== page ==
They say women and girls feel overly pressured to be thin.
"Despite the obesity epidemic"? How does "pushing legislation to encourage the media to produce healthier images of women" have anything to do with the obesity epidemic? Rampant obesity and unhealthy, unrealistic portrayals of women are two discrete problems that, to the Daily Caller's apparent and baffling surprise, exist at the same time. Their implication seems to be that we can't simultaneously fight both, and that by encouraging women not be unhealthily thin, we're actually encouraging them to be dangerously overweight.
This is all very silly. Not quite as silly as the Washington Post's ongoing coverage of Michelle Obama's hamburger, but close.
Fox & Friends and the Daily Caller attacked Affordable Housing Centers of America (AHCOA) for receiving federal money, claiming that "ACORN" is receiving "taxpayer funds" -- despite also noting that the Government Accountability Office determined in September 2010 that AHCOA "is not an affiliate, subsidiary, or allied organization of ACORN." In addition, ACORN no longer exists, having filed for Chapter 7 bankruptcy in November 2010 and "clos[ed] up shop."
Adding to their already impressive list of groundbreaking scoops, the Daily Caller has an exclusive report today on the U.S. Embassy in Bulgaria sponsoring a gay film festival. In keeping with the Daily Caller house style, the article stretches to several hundred words without coming near anything resembling a point. They instead list all the movies to be screened and note that the U.S. Embassy will show the Oscar-winning film Milk, starring Sean Penn. Shocking stuff.
The final line of the piece perhaps hints at a point: "The U.S. Embassy did not immediately reply to an email asking how much public money is being spent to sponsor the festival." Left unexplained is why this information would be noteworthy or scandalous. U.S. embassies sponsor film festivals all over the world without much notice or controversy.
Strange that the Daily Caller would single out this particular film festival for scrutiny...
From the May 19 edition of Fox News' America's Newsroom:
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An article in The Daily Caller today suggested that Supreme Court Justice Elena Kagan was "more involved with President Obama's health-care law than she disclosed previously" and that "newly released documents" would likely "lead to a revival of questions about whether" Kagan should recuse herself from cases related to the health care law. From the article:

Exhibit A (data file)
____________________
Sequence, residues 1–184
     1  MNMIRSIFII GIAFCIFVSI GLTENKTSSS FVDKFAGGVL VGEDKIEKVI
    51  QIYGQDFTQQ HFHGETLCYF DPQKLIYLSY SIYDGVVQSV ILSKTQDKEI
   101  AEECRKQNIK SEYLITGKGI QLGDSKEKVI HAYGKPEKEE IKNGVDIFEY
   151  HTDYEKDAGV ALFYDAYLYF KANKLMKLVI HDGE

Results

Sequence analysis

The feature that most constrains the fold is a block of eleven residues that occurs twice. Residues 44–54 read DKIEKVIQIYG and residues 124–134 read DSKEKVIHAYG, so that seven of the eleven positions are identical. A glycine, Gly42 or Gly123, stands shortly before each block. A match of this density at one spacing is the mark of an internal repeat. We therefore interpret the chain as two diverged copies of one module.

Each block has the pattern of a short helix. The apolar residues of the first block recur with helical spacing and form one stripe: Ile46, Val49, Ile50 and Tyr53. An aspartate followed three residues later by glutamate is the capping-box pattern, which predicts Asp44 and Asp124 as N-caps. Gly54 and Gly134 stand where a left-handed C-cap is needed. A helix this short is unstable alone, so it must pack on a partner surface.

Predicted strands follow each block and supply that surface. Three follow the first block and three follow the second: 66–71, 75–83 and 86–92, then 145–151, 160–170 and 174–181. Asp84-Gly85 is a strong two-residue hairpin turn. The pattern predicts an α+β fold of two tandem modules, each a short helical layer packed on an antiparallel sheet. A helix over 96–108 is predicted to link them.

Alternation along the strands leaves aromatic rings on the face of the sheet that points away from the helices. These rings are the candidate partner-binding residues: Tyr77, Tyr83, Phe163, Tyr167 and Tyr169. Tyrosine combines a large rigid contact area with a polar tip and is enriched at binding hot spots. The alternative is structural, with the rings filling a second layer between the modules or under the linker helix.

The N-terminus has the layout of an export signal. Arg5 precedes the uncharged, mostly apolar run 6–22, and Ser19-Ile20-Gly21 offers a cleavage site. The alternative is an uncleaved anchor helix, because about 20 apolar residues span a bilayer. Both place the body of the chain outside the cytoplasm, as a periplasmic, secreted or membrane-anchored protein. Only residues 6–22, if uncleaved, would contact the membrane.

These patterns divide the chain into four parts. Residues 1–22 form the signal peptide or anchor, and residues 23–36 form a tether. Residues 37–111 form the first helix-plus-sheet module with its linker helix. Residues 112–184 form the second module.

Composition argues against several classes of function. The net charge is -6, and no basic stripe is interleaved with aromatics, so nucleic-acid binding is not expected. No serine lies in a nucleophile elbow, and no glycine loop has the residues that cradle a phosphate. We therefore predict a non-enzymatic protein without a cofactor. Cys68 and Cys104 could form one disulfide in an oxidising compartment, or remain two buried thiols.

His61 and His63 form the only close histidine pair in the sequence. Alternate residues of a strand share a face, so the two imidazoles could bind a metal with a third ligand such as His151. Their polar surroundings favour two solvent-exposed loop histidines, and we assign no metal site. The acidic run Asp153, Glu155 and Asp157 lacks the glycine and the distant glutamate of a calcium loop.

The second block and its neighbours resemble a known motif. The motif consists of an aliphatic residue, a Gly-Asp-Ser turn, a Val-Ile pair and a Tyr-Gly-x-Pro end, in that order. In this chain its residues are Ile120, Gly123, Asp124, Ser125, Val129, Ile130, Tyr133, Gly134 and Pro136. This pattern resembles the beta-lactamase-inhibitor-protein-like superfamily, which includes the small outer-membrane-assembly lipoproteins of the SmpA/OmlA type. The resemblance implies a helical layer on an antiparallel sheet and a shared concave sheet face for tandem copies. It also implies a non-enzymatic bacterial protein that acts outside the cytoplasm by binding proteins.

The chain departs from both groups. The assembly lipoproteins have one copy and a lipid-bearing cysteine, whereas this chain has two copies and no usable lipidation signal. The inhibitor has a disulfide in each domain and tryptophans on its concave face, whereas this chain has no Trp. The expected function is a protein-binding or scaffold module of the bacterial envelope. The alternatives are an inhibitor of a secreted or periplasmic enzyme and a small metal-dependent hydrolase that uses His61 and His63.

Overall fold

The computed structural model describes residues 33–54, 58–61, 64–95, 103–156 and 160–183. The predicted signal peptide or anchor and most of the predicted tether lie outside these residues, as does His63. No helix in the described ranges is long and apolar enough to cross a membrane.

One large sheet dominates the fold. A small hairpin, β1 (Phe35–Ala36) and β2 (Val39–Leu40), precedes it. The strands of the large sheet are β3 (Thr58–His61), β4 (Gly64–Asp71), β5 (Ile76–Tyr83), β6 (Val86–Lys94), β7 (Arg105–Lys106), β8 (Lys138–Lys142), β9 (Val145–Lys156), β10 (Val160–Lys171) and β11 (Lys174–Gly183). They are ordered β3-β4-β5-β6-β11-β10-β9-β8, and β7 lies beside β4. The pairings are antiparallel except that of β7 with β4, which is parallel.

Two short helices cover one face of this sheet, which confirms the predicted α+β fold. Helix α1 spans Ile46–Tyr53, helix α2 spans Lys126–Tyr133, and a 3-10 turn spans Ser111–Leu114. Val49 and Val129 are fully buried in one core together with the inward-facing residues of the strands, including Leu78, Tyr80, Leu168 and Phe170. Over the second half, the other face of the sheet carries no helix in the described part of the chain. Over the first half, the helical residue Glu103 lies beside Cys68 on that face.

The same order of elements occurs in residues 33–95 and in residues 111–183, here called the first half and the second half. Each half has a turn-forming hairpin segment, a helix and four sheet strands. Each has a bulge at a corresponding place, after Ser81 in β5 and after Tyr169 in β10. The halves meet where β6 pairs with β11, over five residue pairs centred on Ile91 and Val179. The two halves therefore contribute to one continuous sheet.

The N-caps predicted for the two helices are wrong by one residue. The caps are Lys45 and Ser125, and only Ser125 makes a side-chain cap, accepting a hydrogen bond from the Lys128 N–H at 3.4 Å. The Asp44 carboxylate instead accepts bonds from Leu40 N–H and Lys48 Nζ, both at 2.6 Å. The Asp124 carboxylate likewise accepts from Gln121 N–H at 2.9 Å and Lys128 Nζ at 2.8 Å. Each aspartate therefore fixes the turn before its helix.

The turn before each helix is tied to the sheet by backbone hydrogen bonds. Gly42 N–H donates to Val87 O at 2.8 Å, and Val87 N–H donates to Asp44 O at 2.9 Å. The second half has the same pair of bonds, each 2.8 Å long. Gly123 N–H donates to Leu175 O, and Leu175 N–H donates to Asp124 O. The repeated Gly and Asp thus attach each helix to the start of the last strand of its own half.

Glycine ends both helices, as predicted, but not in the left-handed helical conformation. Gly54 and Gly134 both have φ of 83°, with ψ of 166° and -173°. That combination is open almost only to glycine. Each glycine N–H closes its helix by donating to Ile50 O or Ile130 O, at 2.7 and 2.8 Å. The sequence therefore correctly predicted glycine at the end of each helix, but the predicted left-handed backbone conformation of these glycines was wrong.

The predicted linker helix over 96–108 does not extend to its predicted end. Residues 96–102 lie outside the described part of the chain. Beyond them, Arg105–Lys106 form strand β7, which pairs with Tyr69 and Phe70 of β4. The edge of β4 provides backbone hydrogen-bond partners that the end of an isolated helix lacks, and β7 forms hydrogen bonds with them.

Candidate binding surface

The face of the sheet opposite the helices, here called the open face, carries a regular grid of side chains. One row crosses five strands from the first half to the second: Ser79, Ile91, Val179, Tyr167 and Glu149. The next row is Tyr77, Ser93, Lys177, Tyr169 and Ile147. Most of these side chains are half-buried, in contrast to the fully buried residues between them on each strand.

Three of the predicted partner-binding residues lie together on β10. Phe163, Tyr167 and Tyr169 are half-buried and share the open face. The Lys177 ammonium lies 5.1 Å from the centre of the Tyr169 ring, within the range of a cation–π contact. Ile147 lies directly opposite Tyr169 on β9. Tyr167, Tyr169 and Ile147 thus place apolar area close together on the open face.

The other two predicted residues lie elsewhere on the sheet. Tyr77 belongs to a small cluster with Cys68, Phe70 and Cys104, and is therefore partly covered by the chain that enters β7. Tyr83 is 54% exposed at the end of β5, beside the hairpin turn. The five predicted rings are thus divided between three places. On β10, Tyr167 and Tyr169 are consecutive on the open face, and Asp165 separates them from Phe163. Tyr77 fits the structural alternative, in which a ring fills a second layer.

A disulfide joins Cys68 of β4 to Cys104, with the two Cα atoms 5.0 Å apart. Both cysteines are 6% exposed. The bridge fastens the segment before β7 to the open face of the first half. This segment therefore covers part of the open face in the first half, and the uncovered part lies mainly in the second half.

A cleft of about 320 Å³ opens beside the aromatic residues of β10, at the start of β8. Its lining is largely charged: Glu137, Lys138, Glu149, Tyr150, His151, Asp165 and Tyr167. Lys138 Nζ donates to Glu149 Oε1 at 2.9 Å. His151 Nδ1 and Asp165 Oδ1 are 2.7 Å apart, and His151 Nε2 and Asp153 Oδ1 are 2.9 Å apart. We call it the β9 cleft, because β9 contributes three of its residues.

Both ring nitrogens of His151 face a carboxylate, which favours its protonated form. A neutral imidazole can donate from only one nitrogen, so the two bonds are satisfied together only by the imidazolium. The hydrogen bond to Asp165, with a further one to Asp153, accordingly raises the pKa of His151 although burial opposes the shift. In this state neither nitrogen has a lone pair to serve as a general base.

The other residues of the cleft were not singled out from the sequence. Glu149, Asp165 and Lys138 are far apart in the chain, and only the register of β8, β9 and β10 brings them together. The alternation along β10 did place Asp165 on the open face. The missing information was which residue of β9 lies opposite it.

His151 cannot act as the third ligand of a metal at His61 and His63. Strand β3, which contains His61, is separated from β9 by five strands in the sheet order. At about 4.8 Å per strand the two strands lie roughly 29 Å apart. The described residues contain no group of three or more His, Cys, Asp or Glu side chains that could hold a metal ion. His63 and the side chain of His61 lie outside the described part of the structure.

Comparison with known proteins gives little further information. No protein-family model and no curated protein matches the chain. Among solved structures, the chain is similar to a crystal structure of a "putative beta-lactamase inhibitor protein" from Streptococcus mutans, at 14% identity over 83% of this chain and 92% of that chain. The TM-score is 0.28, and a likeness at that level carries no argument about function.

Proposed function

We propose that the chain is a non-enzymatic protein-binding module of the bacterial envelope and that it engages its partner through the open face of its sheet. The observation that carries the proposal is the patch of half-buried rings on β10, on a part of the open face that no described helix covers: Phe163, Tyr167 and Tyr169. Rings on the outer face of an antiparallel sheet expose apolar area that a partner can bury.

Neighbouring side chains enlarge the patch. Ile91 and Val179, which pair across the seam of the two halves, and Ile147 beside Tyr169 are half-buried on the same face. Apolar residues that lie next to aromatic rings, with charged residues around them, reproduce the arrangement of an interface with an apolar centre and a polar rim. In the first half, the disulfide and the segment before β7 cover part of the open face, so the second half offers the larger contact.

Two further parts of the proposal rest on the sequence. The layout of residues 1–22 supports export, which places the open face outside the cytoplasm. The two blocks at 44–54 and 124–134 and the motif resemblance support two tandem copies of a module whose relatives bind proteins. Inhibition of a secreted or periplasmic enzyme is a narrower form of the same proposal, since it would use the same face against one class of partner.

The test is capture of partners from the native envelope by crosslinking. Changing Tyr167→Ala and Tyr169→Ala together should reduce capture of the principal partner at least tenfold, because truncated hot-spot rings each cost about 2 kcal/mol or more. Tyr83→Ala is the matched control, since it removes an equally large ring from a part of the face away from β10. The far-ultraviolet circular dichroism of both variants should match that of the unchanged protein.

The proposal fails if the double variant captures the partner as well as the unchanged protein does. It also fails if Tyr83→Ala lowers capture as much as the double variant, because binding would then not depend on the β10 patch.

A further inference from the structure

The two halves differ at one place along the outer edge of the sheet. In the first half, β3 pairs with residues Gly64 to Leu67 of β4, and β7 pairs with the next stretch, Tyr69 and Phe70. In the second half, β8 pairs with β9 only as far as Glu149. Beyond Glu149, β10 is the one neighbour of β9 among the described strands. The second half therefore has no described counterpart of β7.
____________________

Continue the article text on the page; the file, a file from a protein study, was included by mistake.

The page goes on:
Specifically, the documents show that Kagan was involved with crafting the legal defense of the Affordable Care Act in her role as solicitor general, before her appointment to the bench. The Media Research Center and Judicial Watch obtained the documents through a Freedom of Information Act (FOIA) lawsuit that was filed in February 2011.
The Daily Caller has the story wrong here in several ways.
Right-wing media continue to attack President Obama over his speech announcing that U.S. forces had killed Osama bin Laden in a firefight. These attacks even include people saying that Obama should not have made the announcement himself.
Right-wing media responded to the release of President Obama's long-form birth certificate by attacking the president and claiming that certain questions surrounding the document remain unanswered. Below is a sampling of the early attacks by conservative media following the release of Obama's long-form birth certificate.
The "EXCLUSIVE" report from Tucker Carlson's Daily Caller this morning is that Glenn Beck, the one-time host of a popular Fox News program, poached content from right-wing bloggers without attribution. Those bloggers -- Andrew Breitbart, Pamela Geller, and assorted F-listers -- have just realized how angry this makes them now that Glenn Beck has been canceled and will thus no longer be a megaphone for their unhinged ranting "citizen journalism." Pam Geller, who is quite mad, says of Beck: "I like his work, but he's a thief."
As Salon's Alex Pareene notes, stealing content from people on the internet is essentially the cable news business model, so the revelation that Beck did it isn't exactly groundbreaking. Also, the fact that Beck's "researchers" were just trolling the fever swamp wasn't really a secret. And while I certainly don't begrudge Geller et. al. for kicking Beck while he's down, there's more to this than simple opportunism. This is all part of an ongoing sad/hilarious right-wing media feud. Breitbart and the Daily Caller are on one side, doing their best to get as much attention as they can; Beck is on the other, doing everything he can to halt the decline of his audience and influence.
It wasn't always like this. Beck's breakout story on Fox News was courtesy of Andrew Breitbart and his protégé, James O'Keefe. Back in September 2009, Beck worked with Breitbart to promote O'Keefe's now-infamous ACORN videos, teasing the tapes the night before their release as an "exclusive" that will "change a lot for those in power." Beck said Breitbart was one of "the great journalists of our time" and leaned on him for several of his stories.
Then Breitbart and O'Keefe suffered a string of embarrassing failures. Breitbart released the edited Shirley Sherrod tape and demolished what little credibility he still enjoyed. O'Keefe was arrested inside a senator's office and tried to lure a CNN reporter onto a boat full of sex toys. At the same time, Beck was suffering his own implosion. Between 2010 and 2011, hundreds of thousands of viewers fled Beck's Fox News show -- as did hundreds of advertisers who refused to run ads on Beck's show. Meanwhile, his radio program was being dropped from several major markets due to low ratings and "unacceptable" content. So, coming into 2011, Breitbart, Beck, and O'Keefe were all working towards the same end -- getting people to pay attention to them like they once had.